California bill proposes to open veterinary cannabis conversations
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SB 627 would allow veterinarians to discuss cannabis and related products with clients without fear of sanctions.
A bill introduced in the California legislature could make it easier for veterinarians to talk to clients about cannabis in practice. Introduced by Sen. Cathleen Galgiani, a Democrat from Stockton, SB 627 proposes to allow “a qualified veterinarian, as defined, to discuss the use of medicinal cannabis or medicinal cannabis products on an animal patient” without fear of reprisal.
The definition of a “qualified” veterinarian, according to the bill, is “one who has completed a medicinal CE program approved by the American Association of Veterinary State Boards' Registry of Approved Continuing Education.”
The California Veterinary Medical Association has voiced opposition to the “qualified” designation, stating, “The Veterinary Medicine Practice Act does not create a qualifying professional designation like this for any other drug that is prescribed by a licensed veterinarian. Consequently, we feel this designation for one product is inappropriate.”
In response, the Assembly Committee on Business and Professions proposed in its July 2 hearing to change all references to a “qualified” veterinarian to instead say a “California-licensed” veterinarian. “All veterinarians, by virtue of their license, have the education and skills needed to recommend drugs, including cannabis,” the committee asserted. “Whether a veterinarian chooses to recommend cannabis to their client would be subject to their own professional judgement.”
To allow veterinarians more freedom to discuss medical cannabis and related products with clients, the bill would DVMs “from being punished, or denied any right or privilege, for having recommended medicinal cannabis or medicinal cannabis products for an animal patient for medical purposes.”
However, veterinarians would potentially be subject to discipline if they did not follow the given restrictions:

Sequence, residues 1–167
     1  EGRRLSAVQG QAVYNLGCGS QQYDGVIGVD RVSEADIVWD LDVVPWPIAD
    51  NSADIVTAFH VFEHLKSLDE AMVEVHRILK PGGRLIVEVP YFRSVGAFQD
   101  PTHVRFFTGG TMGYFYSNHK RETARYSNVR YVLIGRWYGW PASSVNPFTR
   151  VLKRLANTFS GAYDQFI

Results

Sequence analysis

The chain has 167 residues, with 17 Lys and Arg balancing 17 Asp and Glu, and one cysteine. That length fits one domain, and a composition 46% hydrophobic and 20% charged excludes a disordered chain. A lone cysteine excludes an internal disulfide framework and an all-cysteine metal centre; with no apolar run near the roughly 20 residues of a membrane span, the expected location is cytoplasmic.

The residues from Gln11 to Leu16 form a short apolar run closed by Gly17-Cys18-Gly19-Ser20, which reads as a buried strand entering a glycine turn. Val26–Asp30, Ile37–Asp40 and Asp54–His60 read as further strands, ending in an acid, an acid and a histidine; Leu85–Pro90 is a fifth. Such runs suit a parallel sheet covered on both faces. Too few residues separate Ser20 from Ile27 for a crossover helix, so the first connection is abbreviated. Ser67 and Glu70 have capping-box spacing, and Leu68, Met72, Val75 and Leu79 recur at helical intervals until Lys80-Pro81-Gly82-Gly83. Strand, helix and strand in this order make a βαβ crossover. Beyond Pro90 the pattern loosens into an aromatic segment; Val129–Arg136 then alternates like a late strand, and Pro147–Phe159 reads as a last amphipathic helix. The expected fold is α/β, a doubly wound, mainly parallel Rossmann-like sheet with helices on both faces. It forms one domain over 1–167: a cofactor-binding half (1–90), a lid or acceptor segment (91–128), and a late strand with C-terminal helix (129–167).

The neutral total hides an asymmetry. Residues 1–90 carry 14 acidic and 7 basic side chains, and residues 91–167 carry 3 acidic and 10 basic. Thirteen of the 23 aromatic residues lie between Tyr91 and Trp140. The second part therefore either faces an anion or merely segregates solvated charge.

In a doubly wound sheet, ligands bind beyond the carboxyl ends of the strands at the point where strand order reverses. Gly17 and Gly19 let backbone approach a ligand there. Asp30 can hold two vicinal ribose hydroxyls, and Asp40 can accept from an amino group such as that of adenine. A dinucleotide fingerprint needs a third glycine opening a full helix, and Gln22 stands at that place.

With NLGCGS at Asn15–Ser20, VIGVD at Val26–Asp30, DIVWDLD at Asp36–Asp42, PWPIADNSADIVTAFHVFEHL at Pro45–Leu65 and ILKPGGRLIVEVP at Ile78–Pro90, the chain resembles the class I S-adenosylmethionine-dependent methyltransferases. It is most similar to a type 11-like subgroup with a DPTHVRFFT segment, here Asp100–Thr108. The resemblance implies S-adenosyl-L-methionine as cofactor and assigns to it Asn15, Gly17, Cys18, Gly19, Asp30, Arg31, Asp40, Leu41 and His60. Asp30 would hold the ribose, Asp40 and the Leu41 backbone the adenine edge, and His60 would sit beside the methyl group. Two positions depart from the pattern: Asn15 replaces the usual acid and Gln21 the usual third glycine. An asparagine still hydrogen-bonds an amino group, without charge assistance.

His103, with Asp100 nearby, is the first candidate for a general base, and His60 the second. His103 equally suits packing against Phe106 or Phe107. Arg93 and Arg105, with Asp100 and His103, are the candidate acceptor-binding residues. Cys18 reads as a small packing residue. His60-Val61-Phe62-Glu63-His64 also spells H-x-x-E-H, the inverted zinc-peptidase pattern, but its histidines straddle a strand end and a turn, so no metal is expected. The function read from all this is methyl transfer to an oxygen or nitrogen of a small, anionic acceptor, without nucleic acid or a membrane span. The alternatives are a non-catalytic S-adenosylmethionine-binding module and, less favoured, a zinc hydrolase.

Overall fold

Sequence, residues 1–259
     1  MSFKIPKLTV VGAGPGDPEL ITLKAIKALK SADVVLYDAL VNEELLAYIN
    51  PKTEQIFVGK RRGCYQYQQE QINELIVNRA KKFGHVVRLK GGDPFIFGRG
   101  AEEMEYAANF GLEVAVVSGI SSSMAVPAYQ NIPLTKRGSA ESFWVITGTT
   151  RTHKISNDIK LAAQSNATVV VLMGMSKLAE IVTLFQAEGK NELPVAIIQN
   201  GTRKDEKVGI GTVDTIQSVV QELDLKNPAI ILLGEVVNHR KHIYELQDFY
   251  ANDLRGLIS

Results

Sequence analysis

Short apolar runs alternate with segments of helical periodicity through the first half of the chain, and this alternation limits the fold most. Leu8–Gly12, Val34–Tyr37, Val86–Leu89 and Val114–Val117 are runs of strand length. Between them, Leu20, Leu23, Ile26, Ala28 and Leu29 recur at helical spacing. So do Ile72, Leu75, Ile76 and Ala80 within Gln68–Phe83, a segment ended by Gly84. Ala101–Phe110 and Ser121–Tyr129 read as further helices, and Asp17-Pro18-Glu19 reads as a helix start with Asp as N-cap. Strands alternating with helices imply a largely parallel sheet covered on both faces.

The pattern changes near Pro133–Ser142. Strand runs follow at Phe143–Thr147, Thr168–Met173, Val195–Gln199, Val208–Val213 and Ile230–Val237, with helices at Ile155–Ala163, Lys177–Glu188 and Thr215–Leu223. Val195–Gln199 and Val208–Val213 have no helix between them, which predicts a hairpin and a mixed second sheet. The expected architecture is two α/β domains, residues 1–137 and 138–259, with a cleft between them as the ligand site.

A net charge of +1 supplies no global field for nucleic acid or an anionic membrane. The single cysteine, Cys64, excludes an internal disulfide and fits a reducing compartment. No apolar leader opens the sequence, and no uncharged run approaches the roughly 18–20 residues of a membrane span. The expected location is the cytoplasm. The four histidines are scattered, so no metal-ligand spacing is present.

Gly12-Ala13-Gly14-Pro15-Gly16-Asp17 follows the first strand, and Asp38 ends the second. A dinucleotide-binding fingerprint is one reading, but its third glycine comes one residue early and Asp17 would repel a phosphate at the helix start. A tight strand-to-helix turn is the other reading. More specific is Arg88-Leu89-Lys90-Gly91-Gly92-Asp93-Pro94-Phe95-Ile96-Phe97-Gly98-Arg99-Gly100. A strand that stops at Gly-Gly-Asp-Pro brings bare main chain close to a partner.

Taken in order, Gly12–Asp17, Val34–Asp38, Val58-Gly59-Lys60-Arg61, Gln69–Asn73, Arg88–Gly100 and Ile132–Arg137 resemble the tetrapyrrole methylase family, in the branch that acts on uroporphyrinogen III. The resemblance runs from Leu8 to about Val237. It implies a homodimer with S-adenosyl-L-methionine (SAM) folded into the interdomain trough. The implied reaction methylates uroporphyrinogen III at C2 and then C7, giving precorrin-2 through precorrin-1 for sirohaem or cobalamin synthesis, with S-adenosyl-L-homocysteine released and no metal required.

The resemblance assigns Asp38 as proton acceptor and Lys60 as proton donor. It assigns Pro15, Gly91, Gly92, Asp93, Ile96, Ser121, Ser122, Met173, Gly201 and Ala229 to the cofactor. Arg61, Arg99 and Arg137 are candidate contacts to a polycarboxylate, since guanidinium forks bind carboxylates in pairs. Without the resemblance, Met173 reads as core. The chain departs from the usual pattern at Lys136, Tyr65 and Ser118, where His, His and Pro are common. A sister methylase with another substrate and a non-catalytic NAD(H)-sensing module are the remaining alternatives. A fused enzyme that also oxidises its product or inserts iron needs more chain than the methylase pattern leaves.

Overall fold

- There must be an established relationship between the veterinarian, client and patient for which medicinal cannabis is being recommended.
- The veterinarian must specify the medical condition for which the product is being recommended and include the name of the patient and the patient's primary caregiver in the recommendation.
- The veterinarian must perform an examination and identify a medical indication before recommending medicinal cannabis or related products.
- A veterinarian cannot recommend medicinal cannabis if he or she has a financial relationship with a person or entity that dispenses medicinal cannabis.
- Veterinarians cannot advertise that they offer recommendations for medical cannabis, and they cannot actually dispense or administer cannabis or cannabis products to patients.
San Francisco-based marijuana grower Lovingly and Legally is a sponsor of the bill, as are the American College of Veterinary Botanical Medicine and the American Holistic Veterinary Medical Association, which issued this statement: “Thousands of people are currently using cannabis for their pets with questionable advice from the internet or potentially unreliable advice from budtenders. Pet owners deserve the most reliable information possible regarding their pet's health and well-being. That information and advice is expected to come from trusted veterinarians.”
VetCBD, which sells veterinary-formulated CBD products, requested during the committee hearing that an amendment be added to the bill to clarify “that all adults age 21 and over would be able to purchase medicinal cannabis products for their animals, even if they had not received a veterinarian's recommendation.”
The Assembly Committee on Business and Professions listed a major concern being the lack of research regarding cannabis and animals. They noted that the Center of Medicinal Cannabis Research in California has done no studies on the efficacy of cannabis in animals. As a result, the committee suggested adding a research requirement-and providing funding for that research-in the bill itself.
The committee voted to pass the bill on July 9 and re-referred it to the Appropriations Committee.